be downloaded from. On wotan, this can just be
  the file name.
• The <link> tag must appear in the <head>, it can
  not appear in the <body>, sorry!
             In our situation…
• <link rel="stylesheet" type="text/css"
• Then create a file main.css with a simple test
  rule such as:
  h1 {color: blue}
• main.css is just an example filename, any file
  name will do.
• Upload and try it out!
              basic style syntax
• selector {property1: value1; property2: value2
• selector is a selector (see following slides)
  property is the name of a property
  value is the value of a property
• note colon and semicolon use!
• all names and values are case-insensitive
• Examples
  – h1 { color: grey; text-align: center}
  – .blue {color: blue} /* yes, with a dot */
     comments in the style sheet
• You can add comments is the style sheet by
  enclosing the comment between /* and */.
• This comment syntax comes from the C
  programming language.
• This technique is especially useful if you want to
  remove code from your style sheet temporarily.
                basic selector
• the basic selector is a comma-separated list of
  elementary selectors.
• Often, the elementary selectors are HTML tags,
  h1, h2 {text-align: center}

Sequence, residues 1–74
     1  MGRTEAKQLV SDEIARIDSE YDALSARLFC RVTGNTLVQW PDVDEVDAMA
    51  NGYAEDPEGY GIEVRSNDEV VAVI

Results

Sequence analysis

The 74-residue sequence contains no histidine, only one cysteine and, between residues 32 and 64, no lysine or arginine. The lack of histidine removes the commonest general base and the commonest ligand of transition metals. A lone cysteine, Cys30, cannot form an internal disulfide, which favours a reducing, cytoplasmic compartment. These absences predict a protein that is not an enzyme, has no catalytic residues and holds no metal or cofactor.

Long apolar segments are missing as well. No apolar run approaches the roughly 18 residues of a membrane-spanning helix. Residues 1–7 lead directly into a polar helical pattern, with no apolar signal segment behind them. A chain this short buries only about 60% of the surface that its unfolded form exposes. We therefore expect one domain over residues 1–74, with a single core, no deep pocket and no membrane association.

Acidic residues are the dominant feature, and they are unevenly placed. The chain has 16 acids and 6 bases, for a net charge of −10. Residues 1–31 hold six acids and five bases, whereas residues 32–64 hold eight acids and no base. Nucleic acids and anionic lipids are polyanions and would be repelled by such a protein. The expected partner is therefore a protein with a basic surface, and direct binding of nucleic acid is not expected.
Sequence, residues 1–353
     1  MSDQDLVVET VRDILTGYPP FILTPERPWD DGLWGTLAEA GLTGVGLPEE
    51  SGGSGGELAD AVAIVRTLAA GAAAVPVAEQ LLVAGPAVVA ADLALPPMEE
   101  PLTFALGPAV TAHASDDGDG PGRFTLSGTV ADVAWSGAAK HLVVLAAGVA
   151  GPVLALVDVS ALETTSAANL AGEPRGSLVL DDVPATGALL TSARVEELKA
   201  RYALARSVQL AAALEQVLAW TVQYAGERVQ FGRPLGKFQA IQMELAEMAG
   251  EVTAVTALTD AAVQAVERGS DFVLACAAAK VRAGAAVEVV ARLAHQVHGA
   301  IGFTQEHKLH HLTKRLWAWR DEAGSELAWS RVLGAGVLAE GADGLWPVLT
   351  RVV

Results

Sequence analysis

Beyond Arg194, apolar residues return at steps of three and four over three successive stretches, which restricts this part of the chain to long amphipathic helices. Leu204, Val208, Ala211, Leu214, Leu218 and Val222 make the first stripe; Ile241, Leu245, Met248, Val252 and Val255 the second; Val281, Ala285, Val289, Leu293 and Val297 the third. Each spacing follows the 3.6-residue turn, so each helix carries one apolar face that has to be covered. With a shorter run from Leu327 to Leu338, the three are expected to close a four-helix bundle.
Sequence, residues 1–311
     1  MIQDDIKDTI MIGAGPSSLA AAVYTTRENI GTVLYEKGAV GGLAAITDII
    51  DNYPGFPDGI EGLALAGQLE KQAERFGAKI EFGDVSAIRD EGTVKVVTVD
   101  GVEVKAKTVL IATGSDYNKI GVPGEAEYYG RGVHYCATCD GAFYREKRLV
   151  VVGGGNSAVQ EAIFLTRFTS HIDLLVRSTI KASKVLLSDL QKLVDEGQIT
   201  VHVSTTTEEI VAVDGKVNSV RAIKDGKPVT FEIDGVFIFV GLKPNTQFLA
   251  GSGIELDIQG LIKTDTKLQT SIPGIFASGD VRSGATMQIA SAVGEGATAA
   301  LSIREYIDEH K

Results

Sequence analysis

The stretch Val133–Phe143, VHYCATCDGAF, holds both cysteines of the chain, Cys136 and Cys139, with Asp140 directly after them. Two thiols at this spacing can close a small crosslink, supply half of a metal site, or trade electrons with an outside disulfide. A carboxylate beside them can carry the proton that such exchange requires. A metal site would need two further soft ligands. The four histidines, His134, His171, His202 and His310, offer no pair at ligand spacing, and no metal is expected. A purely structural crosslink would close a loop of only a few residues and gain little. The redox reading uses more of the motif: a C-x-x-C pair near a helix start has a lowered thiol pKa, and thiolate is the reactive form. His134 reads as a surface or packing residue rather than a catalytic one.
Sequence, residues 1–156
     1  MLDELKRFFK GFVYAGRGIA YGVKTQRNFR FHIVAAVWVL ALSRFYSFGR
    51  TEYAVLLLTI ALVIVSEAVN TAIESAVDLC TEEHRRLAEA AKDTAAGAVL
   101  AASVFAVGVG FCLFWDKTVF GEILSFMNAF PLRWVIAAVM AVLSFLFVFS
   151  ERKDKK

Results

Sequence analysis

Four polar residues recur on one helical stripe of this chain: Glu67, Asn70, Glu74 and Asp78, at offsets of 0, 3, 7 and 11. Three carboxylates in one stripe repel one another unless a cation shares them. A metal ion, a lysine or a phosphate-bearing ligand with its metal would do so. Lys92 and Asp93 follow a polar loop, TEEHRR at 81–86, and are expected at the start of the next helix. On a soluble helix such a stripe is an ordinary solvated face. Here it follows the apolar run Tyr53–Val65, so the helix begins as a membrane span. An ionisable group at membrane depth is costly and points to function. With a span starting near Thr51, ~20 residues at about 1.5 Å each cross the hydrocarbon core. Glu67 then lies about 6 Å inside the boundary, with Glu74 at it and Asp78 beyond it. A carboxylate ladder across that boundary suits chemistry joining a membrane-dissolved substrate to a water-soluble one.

will center all <h1> and <h2> tag contents
• but the selectors can be more precise, we are
  only look at one alternative here, class selectors.
               class selectors
• This is the standard way to style up a class
  .class { property1: value1, property2: value2 …}
   will give all the properties and values to any tag
  in the class class.
• Recall HTML, when you have set the you can
  apply the class
  <tag class="class">
  will apply all the attributes of the class class to
  the tag tag. Note that you can place any tag into
  several classes, use blanks to separate the
  class names
             visual style sheets
• In this class we ignore aural style sheets and
  work only on visual ones.
• We have two important concepts.
  – The canvas is the support of the rendering. There
    may be several canvases on a document. On screen,
    each canvas is flat and of infinite dimensions.
  – The viewport is the part of the canvas that is currently
    visible. There is only one viewport per canvas.
• We will now examine some important property
  values is visual style sheet regarding
  – colors
  – distances
                values: colors